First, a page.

Canadians will be dissecting this week's federal budget in the days ahead to determine the impact of the Harper government's strategy for the next fiscal year, but at first glance, it appears to be a continuation of spending restraint with some repackaging of funding.
What is clear is Finance Minister Jim Flaherty's determination to balance the budget by 2015, no doubt to prepare the Conservatives to enter the next election campaign on a record of responsible fiscal management. Whether that deadline is a realistic one depends on whom you talk to, but the intent to do so is a guiding tenet in this budget.
Balancing the budget will be a challenge, given that the deficit in the current fiscal year stands at almost $26 billion, up noticeably from the $21.1 billion projected last year.
Nevertheless, government seems intent on reaching its goal, in part, by curbing new spending. According to The Canadian Press, total spending is up less than one per cent, and direct program expenses are projected to drop almost $4 billion this year and another $2.5 billion next year.
Along with its balanced-budget goal by 2015, other government priorities seem to be infrastructure renewal, job skills training and closing tax loopholes to recoup lost revenue. Details on these are still sketchy, though; funding for job skills training, for example, will come through negotiations with the provinces and employers.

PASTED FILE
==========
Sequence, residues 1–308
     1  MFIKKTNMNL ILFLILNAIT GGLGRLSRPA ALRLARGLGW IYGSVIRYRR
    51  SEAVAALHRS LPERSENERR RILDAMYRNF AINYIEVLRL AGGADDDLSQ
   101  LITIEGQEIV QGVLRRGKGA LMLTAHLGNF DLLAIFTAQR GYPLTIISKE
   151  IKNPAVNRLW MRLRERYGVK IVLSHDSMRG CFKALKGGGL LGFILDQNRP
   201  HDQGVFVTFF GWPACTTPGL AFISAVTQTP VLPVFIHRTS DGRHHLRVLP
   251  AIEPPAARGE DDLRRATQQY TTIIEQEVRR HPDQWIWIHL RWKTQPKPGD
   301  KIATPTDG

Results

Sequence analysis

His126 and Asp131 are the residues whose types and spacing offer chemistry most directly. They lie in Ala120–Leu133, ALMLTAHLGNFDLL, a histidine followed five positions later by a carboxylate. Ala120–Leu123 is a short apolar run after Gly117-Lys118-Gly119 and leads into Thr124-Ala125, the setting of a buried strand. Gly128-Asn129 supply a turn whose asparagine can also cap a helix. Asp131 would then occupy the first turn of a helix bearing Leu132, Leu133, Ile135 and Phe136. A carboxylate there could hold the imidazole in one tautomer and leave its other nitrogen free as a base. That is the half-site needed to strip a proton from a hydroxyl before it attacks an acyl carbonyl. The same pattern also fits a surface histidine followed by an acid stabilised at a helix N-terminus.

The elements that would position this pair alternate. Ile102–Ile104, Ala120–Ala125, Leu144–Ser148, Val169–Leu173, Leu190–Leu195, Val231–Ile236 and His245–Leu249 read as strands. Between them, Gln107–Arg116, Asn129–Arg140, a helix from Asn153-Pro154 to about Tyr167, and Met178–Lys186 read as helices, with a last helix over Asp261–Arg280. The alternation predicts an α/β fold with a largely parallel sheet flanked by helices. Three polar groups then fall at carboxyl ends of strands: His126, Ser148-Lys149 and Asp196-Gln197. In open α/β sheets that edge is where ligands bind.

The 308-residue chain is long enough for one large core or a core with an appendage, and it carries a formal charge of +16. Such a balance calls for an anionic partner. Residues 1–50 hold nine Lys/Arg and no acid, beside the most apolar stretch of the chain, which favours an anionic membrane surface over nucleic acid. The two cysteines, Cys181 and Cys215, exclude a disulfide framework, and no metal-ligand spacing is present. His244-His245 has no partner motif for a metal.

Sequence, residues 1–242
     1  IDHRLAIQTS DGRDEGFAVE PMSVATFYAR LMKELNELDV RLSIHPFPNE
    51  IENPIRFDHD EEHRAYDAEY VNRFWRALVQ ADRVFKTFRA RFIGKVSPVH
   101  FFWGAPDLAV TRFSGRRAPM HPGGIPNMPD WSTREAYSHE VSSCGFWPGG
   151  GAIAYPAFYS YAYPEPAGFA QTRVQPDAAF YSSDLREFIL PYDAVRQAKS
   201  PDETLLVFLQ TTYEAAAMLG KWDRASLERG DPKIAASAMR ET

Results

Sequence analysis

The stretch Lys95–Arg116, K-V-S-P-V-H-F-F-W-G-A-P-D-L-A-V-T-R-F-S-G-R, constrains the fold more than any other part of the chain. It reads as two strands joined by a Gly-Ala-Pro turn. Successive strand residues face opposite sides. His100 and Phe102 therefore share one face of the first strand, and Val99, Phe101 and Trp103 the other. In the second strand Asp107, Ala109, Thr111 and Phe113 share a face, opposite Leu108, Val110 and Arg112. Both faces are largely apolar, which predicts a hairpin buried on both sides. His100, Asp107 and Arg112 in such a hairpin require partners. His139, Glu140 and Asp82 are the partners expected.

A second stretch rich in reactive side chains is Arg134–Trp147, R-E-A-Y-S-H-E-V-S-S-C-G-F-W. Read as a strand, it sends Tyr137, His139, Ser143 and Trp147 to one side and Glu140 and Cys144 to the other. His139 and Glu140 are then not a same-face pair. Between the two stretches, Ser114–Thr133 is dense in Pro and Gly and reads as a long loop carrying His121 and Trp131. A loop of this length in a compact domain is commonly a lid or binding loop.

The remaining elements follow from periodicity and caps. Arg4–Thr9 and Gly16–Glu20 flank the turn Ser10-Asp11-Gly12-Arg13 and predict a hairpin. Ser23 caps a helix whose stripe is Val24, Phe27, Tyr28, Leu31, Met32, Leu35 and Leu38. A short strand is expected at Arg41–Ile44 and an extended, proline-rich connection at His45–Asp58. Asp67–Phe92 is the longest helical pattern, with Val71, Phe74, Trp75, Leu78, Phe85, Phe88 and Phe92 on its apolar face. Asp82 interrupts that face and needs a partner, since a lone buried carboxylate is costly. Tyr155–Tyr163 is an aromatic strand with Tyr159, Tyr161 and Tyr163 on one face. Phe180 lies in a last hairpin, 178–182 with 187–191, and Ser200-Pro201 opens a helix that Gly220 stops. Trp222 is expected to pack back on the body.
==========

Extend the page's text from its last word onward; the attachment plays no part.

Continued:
While the full impact of program spending cuts are difficult to determine at this point - experts are still trying to assess the full effects of departmental and program cuts ushered in by last year's budget - there's some optimism in this province about the $9-million increase in 2013 transfers to the province. National Revenue Minister Gail Shea, MP for Egmont, was quick to inform Islanders about this increase, and of Ottawa's commitment to renewing the federal infrastructure fund. That's something the provinces and all municipalities have been eagerly awaiting, including Island Finance Minister Wes Sheridan who has identified a third underwater power cable as the number one infrastructure priority. In response to the budget Thursday, he said he hopes the new infrastructure program can aid this project. No doubt community leaders across the province are equally pleased with the announcement of new infrastructure money coming this way.
But as with other budgets, the devil is in the details. On job skills training, for example, will the provinces and employers be able to match the funding required to take advantage of it? And how will the drop in direct program spending - almost $4 billion this year and another $2.5 million next year - be felt across the country? Islanders have only begun to feel the impact of this past year's cuts to EI, the Atlantic Canada Opportunities Agency and Veterans Affairs in office closures, job losses and the streamlining of services. With further cuts in spending scheduled over the next two years, Canadians should brace themselves for more of the same.
These nasty little details never form the backdrop for the photo opportunities finance ministers like to pose for on budget day, but that doesn't make them any less real or any less painful for Canadians when they occur.